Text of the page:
Institutions, including central banks, demand gold almost exclusively, with little silver other than perhaps family offices and hedge funds that may have a broader charter.
A 90:1 ratio tells us that the wage-earners who cannot afford gold are either not able or not willing to increase their monetary reservation demand. At least this is true relative to the asset owners (who are near peak levels of equity after so many years of bull markets).
For a $20 silver (and 75:1 ratio, assuming gold is priced at $1,500), look not to a great increase in consumer electronics or industrial demand. Look to a shift in either mindset or capacity to buy silver among the wage-earners. And maybe a shift in sentiment among wealthier savers who have the option of using silver—and who may be attracted to the relative bargain.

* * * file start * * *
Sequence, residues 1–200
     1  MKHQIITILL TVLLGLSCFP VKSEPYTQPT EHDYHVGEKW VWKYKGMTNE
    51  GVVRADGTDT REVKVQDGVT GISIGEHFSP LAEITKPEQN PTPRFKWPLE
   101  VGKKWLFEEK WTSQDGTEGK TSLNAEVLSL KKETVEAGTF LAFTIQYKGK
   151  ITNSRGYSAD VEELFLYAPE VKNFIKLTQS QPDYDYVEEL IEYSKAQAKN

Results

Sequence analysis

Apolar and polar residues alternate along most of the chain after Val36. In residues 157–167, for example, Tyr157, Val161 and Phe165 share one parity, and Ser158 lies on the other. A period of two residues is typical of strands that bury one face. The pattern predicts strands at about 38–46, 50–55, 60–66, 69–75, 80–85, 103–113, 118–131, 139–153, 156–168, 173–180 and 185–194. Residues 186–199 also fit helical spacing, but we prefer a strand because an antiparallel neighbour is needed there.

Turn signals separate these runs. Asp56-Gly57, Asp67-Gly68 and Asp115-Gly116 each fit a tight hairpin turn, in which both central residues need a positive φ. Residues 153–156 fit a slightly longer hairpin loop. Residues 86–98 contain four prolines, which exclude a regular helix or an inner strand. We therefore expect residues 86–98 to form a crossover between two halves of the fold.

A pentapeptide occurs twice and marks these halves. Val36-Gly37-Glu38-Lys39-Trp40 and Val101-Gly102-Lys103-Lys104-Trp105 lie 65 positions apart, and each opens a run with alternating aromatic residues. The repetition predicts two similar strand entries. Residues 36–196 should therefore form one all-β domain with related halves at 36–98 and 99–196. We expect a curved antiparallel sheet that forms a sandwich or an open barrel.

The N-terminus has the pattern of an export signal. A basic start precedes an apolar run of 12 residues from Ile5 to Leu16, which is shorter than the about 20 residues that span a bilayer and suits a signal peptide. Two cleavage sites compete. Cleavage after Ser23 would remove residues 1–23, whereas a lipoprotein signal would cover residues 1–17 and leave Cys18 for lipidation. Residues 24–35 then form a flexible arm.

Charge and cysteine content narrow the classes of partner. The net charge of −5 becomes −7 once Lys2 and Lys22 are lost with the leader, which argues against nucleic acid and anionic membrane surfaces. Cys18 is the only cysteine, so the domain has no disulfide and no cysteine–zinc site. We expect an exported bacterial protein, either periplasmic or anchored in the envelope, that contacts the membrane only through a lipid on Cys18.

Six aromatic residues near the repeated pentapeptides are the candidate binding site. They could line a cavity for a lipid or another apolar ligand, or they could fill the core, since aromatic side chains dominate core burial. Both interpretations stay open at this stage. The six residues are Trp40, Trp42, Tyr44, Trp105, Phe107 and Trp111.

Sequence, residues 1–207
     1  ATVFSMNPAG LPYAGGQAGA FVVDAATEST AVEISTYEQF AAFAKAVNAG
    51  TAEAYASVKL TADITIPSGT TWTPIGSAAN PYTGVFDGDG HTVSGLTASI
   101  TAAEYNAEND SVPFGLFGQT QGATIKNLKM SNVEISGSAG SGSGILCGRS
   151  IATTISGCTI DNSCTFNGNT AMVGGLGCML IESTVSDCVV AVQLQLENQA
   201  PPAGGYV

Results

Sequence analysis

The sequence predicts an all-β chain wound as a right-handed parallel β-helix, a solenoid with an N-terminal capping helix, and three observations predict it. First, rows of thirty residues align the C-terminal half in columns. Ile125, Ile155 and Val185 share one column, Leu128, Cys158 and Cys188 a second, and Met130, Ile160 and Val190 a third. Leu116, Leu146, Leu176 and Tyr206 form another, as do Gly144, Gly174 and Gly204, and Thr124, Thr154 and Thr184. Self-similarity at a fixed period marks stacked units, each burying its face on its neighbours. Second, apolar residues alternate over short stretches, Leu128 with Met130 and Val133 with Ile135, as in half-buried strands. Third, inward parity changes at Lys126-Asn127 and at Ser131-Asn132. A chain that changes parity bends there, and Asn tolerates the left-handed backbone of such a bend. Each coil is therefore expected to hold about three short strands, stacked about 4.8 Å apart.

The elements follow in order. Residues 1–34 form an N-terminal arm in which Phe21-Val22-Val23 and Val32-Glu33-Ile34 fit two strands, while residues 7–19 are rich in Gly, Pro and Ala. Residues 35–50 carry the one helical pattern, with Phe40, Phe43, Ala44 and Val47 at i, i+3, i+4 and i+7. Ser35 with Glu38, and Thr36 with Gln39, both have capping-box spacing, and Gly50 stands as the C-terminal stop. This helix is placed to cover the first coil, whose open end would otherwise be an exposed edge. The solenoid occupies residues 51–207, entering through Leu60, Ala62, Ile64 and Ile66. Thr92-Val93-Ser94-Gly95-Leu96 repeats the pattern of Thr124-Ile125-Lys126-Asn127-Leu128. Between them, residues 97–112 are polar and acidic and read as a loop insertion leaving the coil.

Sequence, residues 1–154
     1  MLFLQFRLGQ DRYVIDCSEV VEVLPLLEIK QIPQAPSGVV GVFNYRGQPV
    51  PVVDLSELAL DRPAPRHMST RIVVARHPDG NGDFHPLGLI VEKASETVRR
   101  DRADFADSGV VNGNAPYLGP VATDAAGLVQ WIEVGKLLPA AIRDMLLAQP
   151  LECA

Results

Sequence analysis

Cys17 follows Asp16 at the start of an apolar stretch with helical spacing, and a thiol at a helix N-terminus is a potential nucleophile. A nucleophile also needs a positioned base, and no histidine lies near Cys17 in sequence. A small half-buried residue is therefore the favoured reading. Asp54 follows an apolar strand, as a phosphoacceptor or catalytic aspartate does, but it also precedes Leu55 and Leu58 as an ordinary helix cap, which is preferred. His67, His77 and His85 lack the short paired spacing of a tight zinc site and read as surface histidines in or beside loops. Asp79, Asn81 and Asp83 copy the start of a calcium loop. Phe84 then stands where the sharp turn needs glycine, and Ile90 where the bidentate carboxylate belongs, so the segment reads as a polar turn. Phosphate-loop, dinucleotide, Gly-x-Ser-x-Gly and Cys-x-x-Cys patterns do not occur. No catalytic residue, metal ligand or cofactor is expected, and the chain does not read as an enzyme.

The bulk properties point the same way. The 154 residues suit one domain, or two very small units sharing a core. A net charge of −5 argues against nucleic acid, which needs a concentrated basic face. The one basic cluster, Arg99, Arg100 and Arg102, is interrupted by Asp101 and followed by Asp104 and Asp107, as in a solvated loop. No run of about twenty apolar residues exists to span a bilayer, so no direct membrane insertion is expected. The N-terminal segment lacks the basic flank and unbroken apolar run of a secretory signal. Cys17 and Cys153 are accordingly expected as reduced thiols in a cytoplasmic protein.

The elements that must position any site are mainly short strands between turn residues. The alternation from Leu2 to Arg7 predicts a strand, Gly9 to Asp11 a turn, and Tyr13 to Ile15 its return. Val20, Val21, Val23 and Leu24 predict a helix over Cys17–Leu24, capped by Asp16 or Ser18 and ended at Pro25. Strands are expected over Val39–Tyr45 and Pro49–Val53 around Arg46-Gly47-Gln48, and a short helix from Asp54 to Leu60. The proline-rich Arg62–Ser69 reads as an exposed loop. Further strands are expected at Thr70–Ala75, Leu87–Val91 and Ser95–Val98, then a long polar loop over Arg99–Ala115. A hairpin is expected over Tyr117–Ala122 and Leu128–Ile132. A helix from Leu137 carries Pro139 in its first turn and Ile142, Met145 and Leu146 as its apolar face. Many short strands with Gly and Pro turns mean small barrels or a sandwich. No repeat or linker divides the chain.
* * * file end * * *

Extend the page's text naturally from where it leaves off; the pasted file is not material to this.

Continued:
However, from the look of that chart we’ve been updated (see below, under silver) today is not that day.
Monetary Metals is excited to be bringing the first gold bond to market. Please contact us if you are interested in investing.
Now let’s look at the only true picture of supply and demand for gold and silver. But, first, here is the chart of the prices of gold and silver.
Next, this is a graph of the gold price measuredin silver, otherwise known as the gold to silver ratio (see here for an explanation of bid and offer prices for the ratio). The ratio rose further.
Here is the gold graph showing gold basis, cobasis and the price of the dollar in terms of gold price.
The dollar was basically unchanged. The scarcity (i.e. cobasis) dropped a hair.
The Monetary Metals Gold Fundamental Price dropped slightly to $1,402. It’s a bit above market, but not a lot.
Now let’s look at silver.